CHUCK DODD: Eating dirt can be bad for you

New York Times journalist Jane Brody suggests that eating dirt is an instinctive behavior in humans. In her article, Eating dirt can be good for you – just ask babies, she interviewed researchers who think people should eat dirt in order to stimulate their immune system.  Brody says that immune system disorders such as asthma and allergies have risen significantly in the United States. 

Although allergies do appear to be on the rise, the awareness of allergies, the ability to diagnose allergies, and the number of people at risk (the U.S. population) have also risen significantly. 

The director of gastroenterology and hepatology at Tufts Medical Center in Boston, Dr. Joel Weinstock, said in the interview,

"There are very few diseases that people get from worms. Humans have adapted to the presence of most of them. … Children should be allowed to go barefoot in the dirt, play in the dirt, and not have to wash their hands when they come in to eat…let kids have two dogs and a cat, which will expose them to intestinal worms that can promote a healthy immune system.”

Dr. Weinstock, I’m sure glad you aren’t my doctor. 

I agree that immune systems are naturally stimulated by various exposures to the environment, and that Americans use too many antibacterial products, but I question Dr. Weinstock’s knowledge of zoonotic diseases.  Intestinal parasites from animals that infect humans, since many are not adapted to humans, often leave the intestines and migrate through the body.  There are approximately 10,000 human cases of larva migrans in the U.S. each year.  Unfortunately, most of these cases are in children, and a few of these kids die.

Eating dirt is an instinct?  Not for me.  Babies eat dirt because they don’t know better.  Some may think that bad behavior is an instinct, but calling bad behavior an instinct doesn’t excuse it.  Bad advice shouldn’t be excused either. 

Dirt may have poop in it, so don’t eat it.


CRAIG ANDREW-KABILAFKAS: This article made me barf

I’m usually immune to many of the crazy notions that appear in FSnet, but having been touched by the recent and tragic Pseudomonas aeruginosa-linked death of Brazilian model Mariana Bridi, reading  Eating dirt can be good for you – just ask babies  made me barf. Surely it’s not too hard to understand that the evolutionary advantage Jane Brody references is Darwin’s survival of the fittest.  This means that the weak do not survive, they die.  Yes, it is better for humanity in the long run, but are there really parents alive today that want to play Russian roulette with their infants? 

Not me.

I know that 99% of the food that my kids eat is not sterile.  If tested it in a food microbiology lab there will be a bacterial count, but hopefully no pathogens.  I know that my mouth has trillions of bacteria resident in it even though I brush and floss my teeth twice daily.  I know that the air is not sterile and that my nose connects to my throat.  Some of the bacteria filtered by my nostrils will make their way into my throat and stomach.  Same with my kids.  I want my kids to survive and thrive so I get them to practice good personal hygiene.  I teach them about understanding and avoiding risk.  I think that it is an instinctive behaviour for children to crawl, but I prevented my children from crawling on the road because they had no concept of the risk of being hit by a car.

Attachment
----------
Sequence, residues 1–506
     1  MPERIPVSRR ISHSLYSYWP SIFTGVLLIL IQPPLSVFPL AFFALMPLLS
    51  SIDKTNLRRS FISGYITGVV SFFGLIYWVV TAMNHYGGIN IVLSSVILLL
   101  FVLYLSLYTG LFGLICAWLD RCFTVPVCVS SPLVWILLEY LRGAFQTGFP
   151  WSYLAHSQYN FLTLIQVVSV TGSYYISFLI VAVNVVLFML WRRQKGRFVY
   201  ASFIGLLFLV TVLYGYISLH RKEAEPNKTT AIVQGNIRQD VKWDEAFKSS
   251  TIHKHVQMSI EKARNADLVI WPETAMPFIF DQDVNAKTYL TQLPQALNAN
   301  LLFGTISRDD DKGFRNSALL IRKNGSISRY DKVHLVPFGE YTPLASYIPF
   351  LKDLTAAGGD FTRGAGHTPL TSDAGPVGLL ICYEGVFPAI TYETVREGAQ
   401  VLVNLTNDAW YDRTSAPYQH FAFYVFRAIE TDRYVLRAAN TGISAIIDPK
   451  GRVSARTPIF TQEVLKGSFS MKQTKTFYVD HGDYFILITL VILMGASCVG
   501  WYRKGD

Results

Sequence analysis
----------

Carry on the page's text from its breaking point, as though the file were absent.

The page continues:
I also stopped them from putting dirt into their mouth.  They are still alive, strong and healthy today.  Bacteria don’t have discretion.  Mariana Bridi was in her prime and yet could not withstand the attack of a potent and pathogenic invader.  All of our knowledge, technology, and intellectual effort could not defeat her Pseudomonas aeruginosa infection.  Is society better off for her passing? 

Bridi’s untimely death has affirmed my knowledge that survival of the fittest is still in play.  It can also serve to remind that we are not good judges of what is truly meant by "fittest".  Your child may look healthy and robust, but by exposing her to pathogens that are readily found in dirt and pet faeces you are conducting a life threatening experiment. You are playing Russian roulette with your child’s life and that is not the way to ensure survival. 

Practice good personal hygiene, good parenting and just hope that you and your family are fortunate enough to avoid the deadly, painful and destructive pathogenic bacteria that surround us.

Craig is a food microbiologist working as a food safety consultant across the Australasian region.